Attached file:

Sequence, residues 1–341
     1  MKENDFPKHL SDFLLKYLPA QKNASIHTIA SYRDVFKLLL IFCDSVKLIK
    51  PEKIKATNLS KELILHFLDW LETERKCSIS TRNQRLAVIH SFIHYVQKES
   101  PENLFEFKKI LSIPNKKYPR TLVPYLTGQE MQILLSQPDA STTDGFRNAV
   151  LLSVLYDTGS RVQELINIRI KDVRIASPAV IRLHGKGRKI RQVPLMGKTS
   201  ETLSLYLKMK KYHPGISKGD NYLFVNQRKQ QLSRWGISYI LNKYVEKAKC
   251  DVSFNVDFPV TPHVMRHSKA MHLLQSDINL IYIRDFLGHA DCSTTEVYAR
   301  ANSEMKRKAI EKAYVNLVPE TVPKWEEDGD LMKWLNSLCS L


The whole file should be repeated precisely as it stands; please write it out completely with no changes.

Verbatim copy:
Sequence, residues 1–341
     1  MKENDFPKHL SDFLLKYLPA QKNASIHTIA SYRDVFKLLL IFCDSVKLIK
    51  PEKIKATNLS KELILHFLDW LETERKCSIS TRNQRLAVIH SFIHYVQKES
   101  PENLFEFKKI LSIPNKKYPR TLVPYLTGQE MQILLSQPDA STTDGFRNAV
   151  LLSVLYDTGS RVQELINIRI KDVRIASPAV IRLHGKGRKI RQVPLMGKTS
   201  ETLSLYLKMK KYHPGISKGD NYLFVNQRKQ QLSRWGISYI LNKYVEKAKC
   251  DVSFNVDFPV TPHVMRHSKA MHLLQSDINL IYIRDFLGHA DCSTTEVYAR
   301  ANSEMKRKAI EKAYVNLVPE TVPKWEEDGD LMKWLNSLCS L